The new man will not kick a ball in earnest for another six weeks but his arrival in Bavaria is already being debated as epoch-defining.
You would expect the national TV rights holders for Germany’s top flight to serve up exactly that sort of breathless spin. Hyperbole aside, though, it’s impossible to overlook the momentous importance of Mane’s transfer from Liverpool for Bayern Munich’s self-esteem and sense of place.
You could see it in the giddy excitement on the faces of sporting director Hasan Salihamidzic, executive chair Oliver Kahn and president Herbert Hainer. You could feel it at any given moment during the one-hour press conference on Wednesday when the festive and immensely self-satisfied atmosphere was more reminiscent of a trophy presentation than the unveiling of a new player.
As far as the German champions were concerned, they had just won the next best thing to the Champions League: the signature of a superstar forward.
Mane will not just positively impact the goals and assists tallies but will strengthen the team’s mental fortitude and togetherness. He will also improve the public standing of the club hierarchy, enhance Julian Nagelsmann’s tactical options, provide restorative comfort against fears of a sustained sporting decline and amplify the league’s international visibility.
Anything else? No wonder Bayern think this guy can win the Ballon d’Or three times in a row.
“Sadio Mane is a world-class player who underlines FC Bayern’s gravitational pull and the appeal of the entire Bundesliga,” Hainer said jubilantly, spelling out a big chunk of the 30-year-old’s multi-faceted usefulness.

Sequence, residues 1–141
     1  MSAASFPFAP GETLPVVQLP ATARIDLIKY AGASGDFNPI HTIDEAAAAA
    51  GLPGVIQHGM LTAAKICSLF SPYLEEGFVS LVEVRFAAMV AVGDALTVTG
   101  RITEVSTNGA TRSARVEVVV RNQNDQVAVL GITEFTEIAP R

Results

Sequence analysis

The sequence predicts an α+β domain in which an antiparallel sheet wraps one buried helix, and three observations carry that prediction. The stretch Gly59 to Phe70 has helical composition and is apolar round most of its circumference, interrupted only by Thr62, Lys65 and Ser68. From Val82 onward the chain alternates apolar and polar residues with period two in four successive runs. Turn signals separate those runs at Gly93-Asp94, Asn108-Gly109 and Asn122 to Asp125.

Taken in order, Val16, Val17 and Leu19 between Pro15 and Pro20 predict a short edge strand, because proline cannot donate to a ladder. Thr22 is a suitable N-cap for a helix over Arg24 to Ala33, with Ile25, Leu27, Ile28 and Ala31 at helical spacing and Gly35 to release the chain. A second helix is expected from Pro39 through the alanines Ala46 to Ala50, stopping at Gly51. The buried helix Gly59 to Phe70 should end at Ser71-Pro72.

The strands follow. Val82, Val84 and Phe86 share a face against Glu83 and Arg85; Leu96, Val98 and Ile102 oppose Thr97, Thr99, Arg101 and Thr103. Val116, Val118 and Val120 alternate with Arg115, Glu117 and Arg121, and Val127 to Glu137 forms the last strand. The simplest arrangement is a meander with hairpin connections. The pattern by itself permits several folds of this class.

The cumulative effect of the Premier League’s dominance combined with the Bundesliga’s limited marketability, state-funded clubs, COVID-19 losses and a Bayern transfer strategy that has delivered a few too many misses in recent years had some worried the club might be forced to adopt the Borussia Dortmund strategy of buying future stars rather than top-shelf reinforcements.
Wednesday, by contrast, was “a show me the money” moment; a €41 million or £35 million (with add-ons) sign that spells out the club’s motto “Mia san Mia”/”we are who we are”.
By capturing one of the Premier League’s best-performing players, Bayern have convinced themselves — and, they hope, a few others — that they continue to be relevant. “We are proud to have signed him,” Salihamidzic said.
There are more practical considerations, too. The sporting director, and to a lesser extent his superior Kahn as well, were under intense pressure to reshape a side plagued by too much mediocrity beyond the starting XI. Mane, the first marquee signing of the post-Uli Hoeness/Karl-Heinz Rummenigge era, makes them both look a lot better than they did a few weeks ago, having presided over a demoralising Champions League quarter-final exit against Villarreal.
Salihamidzic pointedly thanked the player for making up his mind early on — “I could straight away see myself in that team and decided (to join them) straight away,” Mane said — and his agent Bjorn Bezemer for concluding business swiftly. Negotiations with Liverpool sporting director Julian Ward were described as “hard but fair”.
Having been booed by sections of the fans who blamed him for the awful denouement to the season a couple of weeks ago, Salihamidzic suddenly appears a lot more secure in his post. He has pulled off the triple haul of Ryan Gravenberch, Noussair Mazraoui (both from Ajax) and Mane for a very reasonable €60 million (£52 million), all in a very quick and relatively pain-free manner.